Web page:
RESEARCH TRIANGLE PARK, N.C. — Ted Abernathy has connections.
If the economic development manager is ever in a quandary, he has a network of people worldwide to help him troubleshoot, problem solve and strategize.
Through the Eisenhower Fellowships USA program, Abernathy and 26 other professionals working in and around Research Triangle Park have had the opportunity to travel and benefit from the expertise of their worldwide counterparts.
The results are lasting, with a network of hundreds of professionals worldwide, in all areas of learning, who can help one another affect change in their home regions.
The Eisenhower Fellowships identify leaders in fields such as business, religion and nonprofits, and finance their travel and living costs in foreign countries where they gain a new perspective professionally.
The first fellowship program began in 1953, sponsoring fellows each year from as many as 25 different countries.
The USA Program began in 1954 and was extended to RTP in 1999 through the program’s Regional Initiative.
The area is joined by Philadelphia and New England, with a new hub planned for St. Louis, Mo.
Eisenhower trustees introduced the program in RTP because they believed the community was in a position to benefit from international exposure, says Erin Hillman, the senior program officer in charge of the USA Program.
“It’s a place where people didn’t have the same fellowship opportunities as a place like Washington, D.C.,” Hillman says. “The community is small enough that we felt like we could have an impact.”
The program now is at capacity in RTP, says Hillman, with just one fellow selected annually to travel from the region.
In addition to funding from the program’s headquarters in Philadelphia, the program receives support from a number of local funders, including the A.J. Fletcher Foundation, which publishes the Philanthropy Journal.
Abernathy, who works for the Research Triangle Regional Partnership, used his fellowship to spend two months in Ireland in 2001.
As an economic developer, he was interested in studying how that country ushered its economy out of the manufacturing age in the 1990s.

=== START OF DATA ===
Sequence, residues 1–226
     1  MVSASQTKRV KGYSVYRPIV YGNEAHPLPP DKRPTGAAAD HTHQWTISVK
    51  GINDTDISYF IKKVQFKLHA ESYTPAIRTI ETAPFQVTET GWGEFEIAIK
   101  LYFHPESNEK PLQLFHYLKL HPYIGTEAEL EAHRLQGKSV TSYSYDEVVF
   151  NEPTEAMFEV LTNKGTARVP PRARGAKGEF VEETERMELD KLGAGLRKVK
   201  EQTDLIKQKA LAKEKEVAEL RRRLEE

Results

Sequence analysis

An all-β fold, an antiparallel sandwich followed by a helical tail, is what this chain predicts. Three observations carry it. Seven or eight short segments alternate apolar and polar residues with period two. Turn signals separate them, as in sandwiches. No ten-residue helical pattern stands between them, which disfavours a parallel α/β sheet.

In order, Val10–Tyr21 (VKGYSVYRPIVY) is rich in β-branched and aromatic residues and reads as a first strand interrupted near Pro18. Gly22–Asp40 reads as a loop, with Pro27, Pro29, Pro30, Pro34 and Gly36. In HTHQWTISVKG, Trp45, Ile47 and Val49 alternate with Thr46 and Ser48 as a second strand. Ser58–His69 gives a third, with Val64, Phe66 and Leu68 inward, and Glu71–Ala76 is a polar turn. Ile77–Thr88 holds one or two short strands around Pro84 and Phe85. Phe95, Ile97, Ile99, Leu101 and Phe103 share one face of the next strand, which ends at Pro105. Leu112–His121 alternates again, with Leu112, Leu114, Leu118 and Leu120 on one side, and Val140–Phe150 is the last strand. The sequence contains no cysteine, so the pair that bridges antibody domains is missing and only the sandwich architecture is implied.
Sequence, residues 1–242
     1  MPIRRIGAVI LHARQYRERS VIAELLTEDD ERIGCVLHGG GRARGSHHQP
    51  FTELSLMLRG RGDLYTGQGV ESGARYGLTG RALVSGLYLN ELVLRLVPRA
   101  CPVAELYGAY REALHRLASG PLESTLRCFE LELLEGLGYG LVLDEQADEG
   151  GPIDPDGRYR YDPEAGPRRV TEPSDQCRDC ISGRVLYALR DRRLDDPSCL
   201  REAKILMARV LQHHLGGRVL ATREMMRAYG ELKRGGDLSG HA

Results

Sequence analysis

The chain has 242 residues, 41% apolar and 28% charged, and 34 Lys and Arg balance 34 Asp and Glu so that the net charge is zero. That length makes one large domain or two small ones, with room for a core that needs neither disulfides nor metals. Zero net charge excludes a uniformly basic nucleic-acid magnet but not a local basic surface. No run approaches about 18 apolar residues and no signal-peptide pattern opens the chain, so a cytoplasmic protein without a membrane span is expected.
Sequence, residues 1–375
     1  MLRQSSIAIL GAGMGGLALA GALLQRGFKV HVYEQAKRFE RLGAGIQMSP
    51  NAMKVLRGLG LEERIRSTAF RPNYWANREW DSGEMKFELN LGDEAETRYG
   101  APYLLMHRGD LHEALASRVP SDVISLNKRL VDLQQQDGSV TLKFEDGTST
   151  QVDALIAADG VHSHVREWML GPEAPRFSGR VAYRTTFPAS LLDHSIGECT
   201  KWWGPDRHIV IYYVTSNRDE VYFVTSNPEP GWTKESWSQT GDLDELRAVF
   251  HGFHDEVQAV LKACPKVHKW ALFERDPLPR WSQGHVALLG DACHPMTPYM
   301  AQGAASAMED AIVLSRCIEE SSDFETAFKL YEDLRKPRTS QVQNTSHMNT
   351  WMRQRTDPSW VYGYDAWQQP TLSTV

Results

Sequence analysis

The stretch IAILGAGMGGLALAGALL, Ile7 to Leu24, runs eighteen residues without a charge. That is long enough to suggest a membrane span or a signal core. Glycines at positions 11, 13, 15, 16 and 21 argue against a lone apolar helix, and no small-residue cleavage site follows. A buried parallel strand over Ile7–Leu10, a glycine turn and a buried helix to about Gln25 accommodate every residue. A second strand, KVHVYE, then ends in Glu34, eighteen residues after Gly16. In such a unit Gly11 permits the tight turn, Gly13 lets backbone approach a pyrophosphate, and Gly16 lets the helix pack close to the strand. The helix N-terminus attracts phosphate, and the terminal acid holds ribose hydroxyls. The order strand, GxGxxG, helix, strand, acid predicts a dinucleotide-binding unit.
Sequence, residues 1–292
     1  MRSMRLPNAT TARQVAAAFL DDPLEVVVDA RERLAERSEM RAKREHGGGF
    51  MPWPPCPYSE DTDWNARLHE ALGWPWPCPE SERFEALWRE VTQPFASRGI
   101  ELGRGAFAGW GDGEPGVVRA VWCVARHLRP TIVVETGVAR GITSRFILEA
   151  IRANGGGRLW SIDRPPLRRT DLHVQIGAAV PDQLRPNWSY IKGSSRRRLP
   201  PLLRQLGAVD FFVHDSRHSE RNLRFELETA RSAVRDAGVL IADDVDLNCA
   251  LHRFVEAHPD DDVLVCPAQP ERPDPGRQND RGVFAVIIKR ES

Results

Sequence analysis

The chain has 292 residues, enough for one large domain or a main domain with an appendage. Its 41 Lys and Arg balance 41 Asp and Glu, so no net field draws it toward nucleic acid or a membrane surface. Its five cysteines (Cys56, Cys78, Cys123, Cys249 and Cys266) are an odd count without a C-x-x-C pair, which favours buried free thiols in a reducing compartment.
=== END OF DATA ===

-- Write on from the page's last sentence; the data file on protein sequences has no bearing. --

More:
On returning to North Carolina, Abernathy began meeting with other fellows from the area to develop myriad plans for improvement, and the group decided not to focus on one project, but to spread its expertise out across a number of initiatives.
Abernathy says he has active projects with about half of the 26 other RTP fellows on undertakings like technology development and road management. Collaborating on those types of group projects require building knowledge, establishing trust and taking action, he says.
“We already have the knowledge and trust from the fellowships,” says Abernathy. “So we can cut right to taking some action.”
While the fellows have gained much from others, they have also sought to give back where they can.
Last fall, the RTP fellows hosted a group of fellows from Northeast Asia to talk about trade and entrepreneurship in the era of globalization.
Hillman says this dynamic is integral to the fellowship program.
“Alumni fellows have been really active,” she says of the RTP region. “The goal is that the fellowship doesn’t end once the fellow comes back and that they continue to stay active in the network.”
While Abernathy’s own focus has been on the economic life of the region, he is quick to point out that the benefits of the program run deeper than that.
“All of the fellows have sort of dug into the community,” says Abernathy. “The depth of a community is defined by philanthropy. I’ve become a disciple now of trying to build philanthropic depth and capacity to sustain the community.”